International Development Work

INTERNATIONAL DEVELOPMENT WORK: Evaluation and assessment studies described below are on community participation and implementation processes and social and interdisciplinary aspects of developmental work conducted in rural areas of North India and Western Kenya.  

2009 to Present: Evaluating Implementation Projects in India, Engineers Without Borders, University of Hartford Student and Hartford Professional Team.

Implementation evaluation of environmental development work carried out by faculty-student teams on the University of Hartford’s Engineers Without Borders “Water for Abheypur” project, Abheypur, India. Information and data are collected through structured interviews with a range of stakeholders in the village to better understand level of interest, understanding, and engagement in Engineer Without Borders projects in relation to decision making and influence on implementation. By analyzing participant motivation, information, and influence, the model (Contextual Interaction Theory, Bressers & Xue, 2006) evaluates the likelihood that a project will “get off the ground,” and the likelihood that it will adequately address the problem. See presentation: “Water Implementation Projects In Rural North India: Evaluating implementation ‘on the ground’”

2008 to Present: Program Evaluation of University of Hartford’s Engineers Without Borders “Water for Abheypur” project, Abheypur, India.

The University of Hartford’s Student-Professional Engineers Without Borders (EWB) team has been working with villagers in Abheypur, a rural village in Haryana state in Northern India to establish sustainable and dependable water sources in areas of the village that have historically been dependent on neighboring communities. The purpose of the evaluation work, led by faculty-student field researchers, is to 1) conduct needs assessments to determine community priorities, 2) assess the impact of EWB efforts (i.e., positive change) on the daily lives and routines of the villagers, and 3) engage and involve local people in EWB activities and use what is learned to inform project development and ongoing management and maintenance for sustainability.

Evaluation activities include: on-site information gathering and observations of water systems and related infrastructures; reviewing available data and reports; and conducting meetings, interviews, focus groups, and household surveys with a cross-section of relevant villagers and key stakeholders such as village leaders, community members, women’s self-help groups, farmers, health care professionals, and educators.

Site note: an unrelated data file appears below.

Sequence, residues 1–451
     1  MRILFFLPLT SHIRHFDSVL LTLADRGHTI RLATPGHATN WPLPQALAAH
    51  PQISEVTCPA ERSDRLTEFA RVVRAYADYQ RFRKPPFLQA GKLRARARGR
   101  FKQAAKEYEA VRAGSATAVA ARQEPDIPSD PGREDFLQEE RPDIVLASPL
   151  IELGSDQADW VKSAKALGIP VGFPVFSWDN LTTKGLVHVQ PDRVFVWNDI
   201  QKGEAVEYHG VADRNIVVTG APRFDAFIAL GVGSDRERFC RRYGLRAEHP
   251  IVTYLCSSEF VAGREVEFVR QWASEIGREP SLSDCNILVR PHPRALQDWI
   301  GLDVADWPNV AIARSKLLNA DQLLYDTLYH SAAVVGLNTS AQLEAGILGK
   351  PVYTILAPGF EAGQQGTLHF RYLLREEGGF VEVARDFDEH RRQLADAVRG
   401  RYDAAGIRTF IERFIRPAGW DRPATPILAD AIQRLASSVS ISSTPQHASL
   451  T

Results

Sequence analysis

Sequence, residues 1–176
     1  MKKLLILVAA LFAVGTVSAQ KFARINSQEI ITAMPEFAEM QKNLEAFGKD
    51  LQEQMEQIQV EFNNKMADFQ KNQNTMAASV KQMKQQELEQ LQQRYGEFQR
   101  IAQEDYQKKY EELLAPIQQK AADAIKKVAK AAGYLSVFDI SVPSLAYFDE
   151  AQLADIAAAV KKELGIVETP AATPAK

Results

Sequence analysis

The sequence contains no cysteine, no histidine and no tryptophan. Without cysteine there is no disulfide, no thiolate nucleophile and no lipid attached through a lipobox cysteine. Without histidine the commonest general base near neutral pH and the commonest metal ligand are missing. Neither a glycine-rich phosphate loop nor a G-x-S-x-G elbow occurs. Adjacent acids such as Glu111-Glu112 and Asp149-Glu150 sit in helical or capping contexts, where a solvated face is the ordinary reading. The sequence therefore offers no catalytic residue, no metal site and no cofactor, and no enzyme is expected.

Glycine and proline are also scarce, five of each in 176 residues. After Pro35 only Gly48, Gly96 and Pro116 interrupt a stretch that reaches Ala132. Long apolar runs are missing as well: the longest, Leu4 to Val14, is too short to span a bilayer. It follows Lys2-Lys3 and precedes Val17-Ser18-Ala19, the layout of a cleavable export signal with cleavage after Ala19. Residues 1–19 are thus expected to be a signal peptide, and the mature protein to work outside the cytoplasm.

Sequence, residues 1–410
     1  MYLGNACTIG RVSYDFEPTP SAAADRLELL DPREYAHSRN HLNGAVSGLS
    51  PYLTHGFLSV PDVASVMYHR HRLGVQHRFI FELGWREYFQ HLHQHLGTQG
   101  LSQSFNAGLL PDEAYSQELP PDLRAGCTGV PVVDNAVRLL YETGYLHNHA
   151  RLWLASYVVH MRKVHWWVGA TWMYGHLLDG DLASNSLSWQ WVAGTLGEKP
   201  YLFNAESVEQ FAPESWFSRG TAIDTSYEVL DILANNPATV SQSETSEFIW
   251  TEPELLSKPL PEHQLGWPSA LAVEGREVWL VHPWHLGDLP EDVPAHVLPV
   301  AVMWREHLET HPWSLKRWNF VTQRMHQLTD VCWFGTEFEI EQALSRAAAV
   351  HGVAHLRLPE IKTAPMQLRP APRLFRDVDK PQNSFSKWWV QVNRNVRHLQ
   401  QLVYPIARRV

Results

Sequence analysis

2009-2010: Service Learning Workshops in lieu of Village Based Project. Grant award, Connecticut Campus Compact.

Evaluated the impact of service learning workshops in preparing students for field experiences in community development work. Students were taking courses at their own college to prepare them for their specific role in an Engineers Without Borders effort, then came together to participate in four service learning workshops prior to their fieldwork. The workshops were conducted during the fall semester, 2009 and work in Abheypur, a rural village in India, took place during the winter session, 2010.  See report: “Summary Evaluation of Service Learning Workshops In lieu of Village Based Project.”

  2010 to 2011: Promoting Health and Economic Opportunities in the Western Kenya Lake Region through Entrepreneurship, Grant award, Women’s Education and Leadership Fund, University of Hartford.

This initiative builds on a partnership with the Kenya Agriculture and Research Institute (KARI) to establish amaranth grain as a cash crop and a new food staple within Gem District in rural Western Kenya. One objective of the partnership is to improve the livelihood of Alour, a group of HIV-positive women who have organized into a farming collective focused on “Living Positively.” A student-faculty team worked collaboratively with extension workers from KARI and with farmers from Alour on the co-development of business practices for marketing of amaranth and assessment of new technologies for production of amaranth. Student-faculty teams conducted interviews, surveys, and observations to collect information and feedback from individuals involved in the collaboration, assessed the receptivity of the local people, and assessed the resources and materials available for production and distribution of amaranth.  Interviews also gave an understanding of how the various stakeholders ‘on the ground’ consider and evaluate projects and make decisions. Business practices and strategies (package design and marketing materials) and new innovative technology solutions (human powered thresher and a mechanical seed planter) were designed, piloted, and further customized based on the marketplace, the receptivity of the local people, and the resources in the region.  See presentation: “Kenya 2010: Working in Partnership with Farming Collectives.”

2009 to 2011: Project Development:  US-Kenya (ACESS) partnership promoting research on clean water, appropriate technologies, and sustainable agribusiness, University of Hartford, University of Rhode Island, Mount Holyoke College, African Center for Engineering Social Solutions, and Kenya Agricultural and Research Institute.

Developed university-community partnerships based on a model of action research that provides faculty and students with opportunities for problem solving community-identified issues and conducting research designed for social improvement. Facilitated communication and kept process in motion for developing interdisciplinary collaboratives, fostering both team work and individual contributions, and advancing the goals of community groups. See presentation: “University Partnership Supporting Africa Center for Engineering Social Solutions.”


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